The Elements of Eloquence by Mark Forsyth
This book provides a deep-dive into why certain phrases are so memorable, and why others tend to be forgotten. Not exactly a textbook, but it could be considered a manual for linguistically-interested readers. The author's voice is so hilarious that, even if language-related non-fiction doesn't initially appeal to you, you should give the book a try!
The Horologicon by Mark Forsyth
Each chapter in this book represents a component of a person's day - waking up, grooming, transportation, working, happy hour, evening activities, etc. Within each chapter, the author present's a huge array of words and phrases that were once commonplace in the English language, but have since fallen mostly into disuse. For example, is there someone in your workplace who -in every meeting- sits there and nods her/his head over and over and over? That person would be called "nod crafty".
Am I Alone Here by Peter Orner
The Liszts by Kyo Maclear and Julia Sarda
In this beautifully-illustrated children's book, readers are introduced to the Liszt family, who love to make lists of all sorts. One day, a stranger comes in through the front door and introduces chaos into their highly-ordered lives. He encourages spontaneity, adventure, and the unknown. Ever so gradually, he helps the Liszts to relax their list-driven lives.
Talking Back Talking Black by John McWhorter
Linguist and academic John McWhorter presents a compelling argument - that the spoken language of many black Americans is not an error-filled or broken English - but is a completely separate dialect. If you're interested in modern language studies and topics of race in America, this is a fascinating read.
A Life in Parts by Bryan Cranston
I listened to this as an audiobook, which I HIGHLY recommend! The author narrates the book himself, so it feels like you're having a long chat with a famous friend. I contend that memoirs are at their best as an audiobook with the author as narrator. Here, Bryan Cranston lays many parts of his life bare to the audience. Some are tragic and highly emotional, while some are hilarious, and others are quite mundane. The author is able to mine it all, and does a tidy job of rolling them all up into a single scene at the end of the book. For fans of the author's professional work, or those who are just curious about who he is, this is a great read.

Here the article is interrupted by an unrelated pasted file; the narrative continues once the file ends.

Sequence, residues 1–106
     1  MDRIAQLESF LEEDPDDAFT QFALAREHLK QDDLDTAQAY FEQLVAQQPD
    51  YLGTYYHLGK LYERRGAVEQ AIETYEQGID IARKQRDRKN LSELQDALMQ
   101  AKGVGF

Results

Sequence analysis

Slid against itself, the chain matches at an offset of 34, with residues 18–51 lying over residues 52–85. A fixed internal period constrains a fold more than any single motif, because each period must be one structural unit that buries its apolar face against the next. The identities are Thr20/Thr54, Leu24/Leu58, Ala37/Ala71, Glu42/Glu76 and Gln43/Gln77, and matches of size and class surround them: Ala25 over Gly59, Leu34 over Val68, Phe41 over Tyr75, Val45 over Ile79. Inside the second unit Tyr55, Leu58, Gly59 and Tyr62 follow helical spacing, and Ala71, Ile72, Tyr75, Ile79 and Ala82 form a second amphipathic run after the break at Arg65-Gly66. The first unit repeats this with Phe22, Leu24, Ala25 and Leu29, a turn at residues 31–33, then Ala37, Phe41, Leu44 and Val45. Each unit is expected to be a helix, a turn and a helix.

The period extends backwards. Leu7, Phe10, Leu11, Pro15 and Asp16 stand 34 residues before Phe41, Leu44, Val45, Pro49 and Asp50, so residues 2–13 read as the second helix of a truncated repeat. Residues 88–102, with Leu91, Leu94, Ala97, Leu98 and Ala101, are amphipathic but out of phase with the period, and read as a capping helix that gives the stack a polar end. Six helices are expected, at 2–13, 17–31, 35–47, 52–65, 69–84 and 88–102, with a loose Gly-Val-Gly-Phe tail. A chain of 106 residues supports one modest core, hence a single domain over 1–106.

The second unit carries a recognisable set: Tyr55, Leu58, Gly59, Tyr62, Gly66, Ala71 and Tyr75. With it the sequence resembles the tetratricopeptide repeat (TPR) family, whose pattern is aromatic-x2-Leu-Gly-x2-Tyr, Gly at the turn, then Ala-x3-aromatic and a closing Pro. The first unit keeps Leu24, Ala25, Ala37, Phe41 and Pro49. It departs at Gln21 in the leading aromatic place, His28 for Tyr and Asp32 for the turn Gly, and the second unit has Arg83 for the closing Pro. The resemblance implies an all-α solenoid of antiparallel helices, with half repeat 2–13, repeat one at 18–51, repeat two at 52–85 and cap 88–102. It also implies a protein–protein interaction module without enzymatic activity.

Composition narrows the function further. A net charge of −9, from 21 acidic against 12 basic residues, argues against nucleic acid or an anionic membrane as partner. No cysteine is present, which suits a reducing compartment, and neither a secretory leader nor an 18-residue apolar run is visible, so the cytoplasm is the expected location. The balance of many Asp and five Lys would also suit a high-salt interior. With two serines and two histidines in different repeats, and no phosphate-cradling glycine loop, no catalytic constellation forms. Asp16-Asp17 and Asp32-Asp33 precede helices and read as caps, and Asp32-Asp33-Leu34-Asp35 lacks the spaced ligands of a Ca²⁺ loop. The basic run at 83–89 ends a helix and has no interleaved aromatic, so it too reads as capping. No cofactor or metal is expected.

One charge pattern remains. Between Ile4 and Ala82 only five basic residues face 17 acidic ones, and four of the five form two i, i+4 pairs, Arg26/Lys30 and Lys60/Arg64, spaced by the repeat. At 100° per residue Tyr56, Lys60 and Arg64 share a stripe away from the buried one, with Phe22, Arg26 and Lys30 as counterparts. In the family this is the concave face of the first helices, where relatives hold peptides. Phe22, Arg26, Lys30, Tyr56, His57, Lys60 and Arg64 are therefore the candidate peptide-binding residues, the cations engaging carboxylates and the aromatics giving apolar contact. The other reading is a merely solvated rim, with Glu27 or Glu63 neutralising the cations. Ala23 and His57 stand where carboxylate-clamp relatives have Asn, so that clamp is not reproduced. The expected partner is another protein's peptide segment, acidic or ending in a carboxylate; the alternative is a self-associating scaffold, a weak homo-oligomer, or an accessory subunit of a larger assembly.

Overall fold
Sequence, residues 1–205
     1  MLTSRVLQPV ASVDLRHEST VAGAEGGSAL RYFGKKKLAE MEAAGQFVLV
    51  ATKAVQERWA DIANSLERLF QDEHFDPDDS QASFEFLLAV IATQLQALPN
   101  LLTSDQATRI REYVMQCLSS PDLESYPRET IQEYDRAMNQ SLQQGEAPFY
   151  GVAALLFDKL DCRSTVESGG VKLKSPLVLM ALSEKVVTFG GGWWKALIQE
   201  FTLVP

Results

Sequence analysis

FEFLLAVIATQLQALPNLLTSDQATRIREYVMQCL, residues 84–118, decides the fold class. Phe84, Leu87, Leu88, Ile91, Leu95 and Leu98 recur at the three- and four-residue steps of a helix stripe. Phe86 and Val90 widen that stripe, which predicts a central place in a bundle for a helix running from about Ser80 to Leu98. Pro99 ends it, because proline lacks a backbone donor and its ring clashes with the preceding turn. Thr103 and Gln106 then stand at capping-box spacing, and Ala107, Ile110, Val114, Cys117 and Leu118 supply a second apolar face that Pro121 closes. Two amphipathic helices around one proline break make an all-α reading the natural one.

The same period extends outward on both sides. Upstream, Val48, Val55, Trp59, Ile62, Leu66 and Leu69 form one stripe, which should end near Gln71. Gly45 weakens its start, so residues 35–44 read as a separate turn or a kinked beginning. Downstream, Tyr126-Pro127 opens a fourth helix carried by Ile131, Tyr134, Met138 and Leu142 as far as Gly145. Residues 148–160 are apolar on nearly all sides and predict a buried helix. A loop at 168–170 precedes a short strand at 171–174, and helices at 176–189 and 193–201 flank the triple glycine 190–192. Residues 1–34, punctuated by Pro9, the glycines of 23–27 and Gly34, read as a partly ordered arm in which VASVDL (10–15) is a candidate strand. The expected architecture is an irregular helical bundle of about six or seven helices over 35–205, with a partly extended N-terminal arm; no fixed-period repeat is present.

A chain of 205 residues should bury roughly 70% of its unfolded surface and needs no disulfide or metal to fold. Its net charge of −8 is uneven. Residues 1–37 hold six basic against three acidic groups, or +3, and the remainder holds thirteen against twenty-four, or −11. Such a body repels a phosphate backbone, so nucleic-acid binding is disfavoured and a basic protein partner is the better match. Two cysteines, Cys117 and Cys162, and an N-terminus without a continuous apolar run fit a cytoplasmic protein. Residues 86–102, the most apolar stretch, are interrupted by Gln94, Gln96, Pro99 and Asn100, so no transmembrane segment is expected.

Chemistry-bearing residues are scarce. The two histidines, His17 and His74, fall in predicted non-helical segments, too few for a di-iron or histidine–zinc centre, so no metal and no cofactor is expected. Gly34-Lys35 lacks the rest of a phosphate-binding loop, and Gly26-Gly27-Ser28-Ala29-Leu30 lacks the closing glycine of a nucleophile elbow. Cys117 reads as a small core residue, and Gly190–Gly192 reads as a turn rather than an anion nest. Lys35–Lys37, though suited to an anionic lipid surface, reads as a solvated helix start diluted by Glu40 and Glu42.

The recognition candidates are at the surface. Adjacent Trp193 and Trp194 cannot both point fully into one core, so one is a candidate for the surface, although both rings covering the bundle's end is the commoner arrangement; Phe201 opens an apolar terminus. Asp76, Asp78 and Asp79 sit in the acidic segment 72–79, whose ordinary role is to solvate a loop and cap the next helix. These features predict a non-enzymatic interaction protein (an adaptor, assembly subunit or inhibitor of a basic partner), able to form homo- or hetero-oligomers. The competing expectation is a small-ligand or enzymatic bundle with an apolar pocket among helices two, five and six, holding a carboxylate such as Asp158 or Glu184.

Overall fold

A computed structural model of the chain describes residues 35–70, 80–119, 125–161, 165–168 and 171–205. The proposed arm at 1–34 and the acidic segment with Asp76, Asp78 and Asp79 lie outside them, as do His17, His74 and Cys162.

Whatever Happened to Interracial Love by Kathleen Collins
Julie & Julia by Julie Powell
A post-9/11 office worker, prone to temper tantrums and emotional breakdowns, decides to take on a project to enrich her life. Throughout the course of a year, she decides to cook her way through the classic cookbook Mastering the Art of French Cooking by Julia Child, Louisette Berthold, and Simone Beck. She blogs about her experiences with an honesty and real-ness that endears her to readers and the general public.
How Not to Give a F*ck at Christmas by Sarah Knight
A short and sassy book (essay?) about how to have a happier holiday season without going broke, crazy, or exhausted.
The Tempest by William Shakespeare
I find it challenging to read a play and get a full picture of what is going on. Reading it like I would read a novel isn't particularly helpful. I have found that if I want to read a play (especially Shakespeare), it's more meaningful if I can listen to an audio recording of the play while reading along with the text. That's what I've done here, and I really enjoyed the experience. This is a play about a man, Prospero, who is overthrown as the Duke of Milan and banished. He and his infant daughter Miranda end up on a mysterious island, and live out 12 years of their lives with the other inhabitants of the island. During that time, Prospero plots his grand revenge against the man who usurped him, and has an opportunity to take his revenge.
Hag-Seed by Margaret Atwood
2AM at The Cat's Pajamas by Marie-Helene Bertino
This is a sweet story about a foul-mouthed, chain-smoking little girl named Madelyn whose only dream is to sing at the local jazz club called The Cat's Pajamas. Other characters include the club's owner, one of Madelyn's teachers, a police officer, a market shop owner, and a neighborhood dog. It's set in the city of Philadelphia, which I know well, and features many characters and locations that felt very familiar to me. There is humor, love, excitement, sadness, and joy throughout the work. It's set on Christmas Eve eve, although it has really nothing to do with the holiday at all.
I'm looking forward to what reading will take place in January, and continuing my Winter of Women project in the New Year!